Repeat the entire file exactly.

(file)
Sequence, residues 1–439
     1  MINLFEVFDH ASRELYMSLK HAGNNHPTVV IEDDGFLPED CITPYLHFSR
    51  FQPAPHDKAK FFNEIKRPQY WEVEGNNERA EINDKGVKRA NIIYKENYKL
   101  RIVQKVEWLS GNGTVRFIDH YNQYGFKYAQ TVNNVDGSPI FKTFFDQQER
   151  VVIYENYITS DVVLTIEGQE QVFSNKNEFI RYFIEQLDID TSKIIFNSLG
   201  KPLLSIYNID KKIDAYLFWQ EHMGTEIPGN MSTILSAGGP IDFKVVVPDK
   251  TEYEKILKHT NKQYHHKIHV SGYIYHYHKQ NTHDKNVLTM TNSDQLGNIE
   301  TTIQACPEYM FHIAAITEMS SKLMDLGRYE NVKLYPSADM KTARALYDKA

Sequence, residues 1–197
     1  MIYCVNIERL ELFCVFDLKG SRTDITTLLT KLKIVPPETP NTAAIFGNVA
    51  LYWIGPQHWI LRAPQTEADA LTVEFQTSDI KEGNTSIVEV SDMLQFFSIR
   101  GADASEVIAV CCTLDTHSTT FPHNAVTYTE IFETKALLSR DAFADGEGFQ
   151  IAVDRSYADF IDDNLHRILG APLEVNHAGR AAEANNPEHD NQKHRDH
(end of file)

Sequence, residues 1–439
     1  MINLFEVFDH ASRELYMSLK HAGNNHPTVV IEDDGFLPED CITPYLHFSR
    51  FQPAPHDKAK FFNEIKRPQY WEVEGNNERA EINDKGVKRA NIIYKENYKL
   101  RIVQKVEWLS GNGTVRFIDH YNQYGFKYAQ TVNNVDGSPI FKTFFDQQER
   151  VVIYENYITS DVVLTIEGQE QVFSNKNEFI RYFIEQLDID TSKIIFNSLG
   201  KPLLSIYNID KKIDAYLFWQ EHMGTEIPGN MSTILSAGGP IDFKVVVPDK
   251  TEYEKILKHT NKQYHHKIHV SGYIYHYHKQ NTHDKNVLTM TNSDQLGNIE
   301  TTIQACPEYM FHIAAITEMS SKLMDLGRYE NVKLYPSADM KTARALYDKA

Sequence, residues 1–197
     1  MIYCVNIERL ELFCVFDLKG SRTDITTLLT KLKIVPPETP NTAAIFGNVA
    51  LYWIGPQHWI LRAPQTEADA LTVEFQTSDI KEGNTSIVEV SDMLQFFSIR
   101  GADASEVIAV CCTLDTHSTT FPHNAVTYTE IFETKALLSR DAFADGEGFQ
   151  IAVDRSYADF IDDNLHRILG APLEVNHAGR AAEANNPEHD NQKHRDH